Every time I get on the internet my phone or iPad is assaulted by advertisements. Pop-up windows, stuff running across the screen, bouncing, swirling graphics and videos are all designed to get our attention to click on them. The people behind those ads have a very specific target audience but to reach specific groups they must blanket everyone with the same ads. There’s a similarity in preaching.
Preaching to a church audience treats everyone the same but they’re not the same. The typical audience varies from 5 to 85 years of age. The children present who are growing up will over a period of about 15 years need to hear everything they need for life. Some visitors present need the first principles of the gospel to be converted. New members and young Christians need to hear basic sermons on developing life skills for Christian living. Young married couples need lessons on raising children, building strong marriages and such.
At the same time, the audience is also composed of people who probably don’t need to hear certain things. Older Christians who have heard many years of preaching and many different preachers are at the point where there is very little “new” for them. Members who are widowed, or those who are too young to care, may find marriage and family topics distressing. Mature members may find pointed lessons on morality, temptations of dating, pornography, drug abuse, drinking, smoking, etc. a waste, but many in the congregation need such lessons. And one more thing, a single sermon is not enough for real learning. Repetition is absolutely essential if knowledge is to be gotten and retained.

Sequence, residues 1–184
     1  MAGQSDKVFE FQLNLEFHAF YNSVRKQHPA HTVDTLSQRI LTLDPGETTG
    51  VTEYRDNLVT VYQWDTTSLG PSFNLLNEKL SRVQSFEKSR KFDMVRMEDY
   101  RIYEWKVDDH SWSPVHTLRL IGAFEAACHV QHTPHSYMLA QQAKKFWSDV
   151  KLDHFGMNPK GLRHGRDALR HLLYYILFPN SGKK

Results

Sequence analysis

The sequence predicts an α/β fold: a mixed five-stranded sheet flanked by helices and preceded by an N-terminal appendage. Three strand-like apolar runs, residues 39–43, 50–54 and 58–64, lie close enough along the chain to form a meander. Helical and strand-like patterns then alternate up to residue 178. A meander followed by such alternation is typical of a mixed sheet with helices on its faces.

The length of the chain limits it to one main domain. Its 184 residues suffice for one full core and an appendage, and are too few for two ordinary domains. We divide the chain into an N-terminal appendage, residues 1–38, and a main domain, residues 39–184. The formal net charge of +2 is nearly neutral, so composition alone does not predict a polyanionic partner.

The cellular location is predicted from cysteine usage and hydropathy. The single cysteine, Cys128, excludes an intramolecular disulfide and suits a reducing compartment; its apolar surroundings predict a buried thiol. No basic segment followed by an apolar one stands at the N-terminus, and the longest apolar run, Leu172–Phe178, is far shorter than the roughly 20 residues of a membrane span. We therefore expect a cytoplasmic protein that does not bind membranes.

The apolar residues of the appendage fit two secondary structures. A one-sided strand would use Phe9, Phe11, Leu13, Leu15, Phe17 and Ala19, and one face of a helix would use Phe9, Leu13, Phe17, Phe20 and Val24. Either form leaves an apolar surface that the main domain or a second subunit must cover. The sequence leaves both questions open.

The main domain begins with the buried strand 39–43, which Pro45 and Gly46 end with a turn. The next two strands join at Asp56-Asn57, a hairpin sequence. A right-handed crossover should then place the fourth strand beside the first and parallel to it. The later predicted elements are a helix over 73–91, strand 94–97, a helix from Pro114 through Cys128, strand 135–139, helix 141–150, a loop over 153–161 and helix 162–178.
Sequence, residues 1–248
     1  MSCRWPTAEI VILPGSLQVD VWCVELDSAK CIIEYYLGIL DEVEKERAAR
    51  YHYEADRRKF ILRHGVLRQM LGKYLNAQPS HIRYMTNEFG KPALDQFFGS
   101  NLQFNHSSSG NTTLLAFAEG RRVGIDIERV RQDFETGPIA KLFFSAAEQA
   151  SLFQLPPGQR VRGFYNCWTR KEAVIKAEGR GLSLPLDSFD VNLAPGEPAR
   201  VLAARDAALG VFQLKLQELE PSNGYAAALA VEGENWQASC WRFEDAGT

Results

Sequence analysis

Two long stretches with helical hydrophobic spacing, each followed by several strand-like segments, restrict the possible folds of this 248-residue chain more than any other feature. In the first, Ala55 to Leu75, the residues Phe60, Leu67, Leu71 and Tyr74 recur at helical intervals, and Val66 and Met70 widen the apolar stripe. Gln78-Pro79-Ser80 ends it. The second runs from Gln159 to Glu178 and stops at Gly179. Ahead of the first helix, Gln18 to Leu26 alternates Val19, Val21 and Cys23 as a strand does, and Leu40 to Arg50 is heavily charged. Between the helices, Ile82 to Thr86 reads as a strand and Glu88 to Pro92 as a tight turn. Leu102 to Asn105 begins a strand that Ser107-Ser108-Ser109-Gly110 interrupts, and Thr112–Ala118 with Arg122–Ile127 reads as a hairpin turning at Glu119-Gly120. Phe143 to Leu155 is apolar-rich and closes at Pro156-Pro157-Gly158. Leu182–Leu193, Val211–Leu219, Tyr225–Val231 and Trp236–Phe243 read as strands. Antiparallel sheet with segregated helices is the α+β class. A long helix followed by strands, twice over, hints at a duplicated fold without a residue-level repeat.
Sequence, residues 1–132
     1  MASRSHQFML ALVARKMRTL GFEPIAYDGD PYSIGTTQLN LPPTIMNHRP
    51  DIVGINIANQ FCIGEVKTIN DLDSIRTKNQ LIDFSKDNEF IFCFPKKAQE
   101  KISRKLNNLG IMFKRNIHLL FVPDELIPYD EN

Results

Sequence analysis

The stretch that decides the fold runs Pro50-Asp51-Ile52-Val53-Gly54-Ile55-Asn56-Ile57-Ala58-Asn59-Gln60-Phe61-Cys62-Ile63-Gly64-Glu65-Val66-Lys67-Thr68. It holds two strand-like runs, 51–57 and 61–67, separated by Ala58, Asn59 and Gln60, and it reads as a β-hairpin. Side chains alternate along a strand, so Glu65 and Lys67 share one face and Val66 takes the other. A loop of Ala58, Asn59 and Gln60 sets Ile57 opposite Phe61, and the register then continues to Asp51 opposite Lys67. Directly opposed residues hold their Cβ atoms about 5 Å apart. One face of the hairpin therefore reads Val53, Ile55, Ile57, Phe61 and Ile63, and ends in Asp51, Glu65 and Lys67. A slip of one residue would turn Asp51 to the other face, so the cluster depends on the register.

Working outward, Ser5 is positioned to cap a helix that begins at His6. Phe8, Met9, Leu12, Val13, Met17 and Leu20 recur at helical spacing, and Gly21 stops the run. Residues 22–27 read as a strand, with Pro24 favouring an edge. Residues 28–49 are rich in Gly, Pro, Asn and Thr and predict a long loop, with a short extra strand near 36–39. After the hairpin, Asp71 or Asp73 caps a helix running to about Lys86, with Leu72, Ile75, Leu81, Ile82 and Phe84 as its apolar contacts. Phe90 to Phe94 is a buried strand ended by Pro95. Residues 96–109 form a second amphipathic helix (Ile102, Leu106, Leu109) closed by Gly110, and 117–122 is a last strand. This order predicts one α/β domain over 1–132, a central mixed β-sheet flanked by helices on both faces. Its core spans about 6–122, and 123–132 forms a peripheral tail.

Like the one-room school house of old, the local church has many different needs, in one room, but with only one teacher to address the needs of all. Such is a constant challenge for both the teacher and the students. So, if you find yourself thinking during some sermon, “I know all this already, move on to something else!” be assured that some in the audience are hearing it for the first time.
Preaching is part of God’s plan for the church and will continue to be needed for as long as the world stands. Paul said he preached the whole counsel of God to Ephesus (Acts 20:27), but he also asked them to pray for him to preach boldly, as he ought to (Eph. 6:19-20). Those sentiments should be the goal of every preacher and the prayer of every church. To the extent of our abilities we must continually challenge, encourage, correct, motivate, instruct and comfort the saints, while pleasing God, through preaching.
- Tim Orbison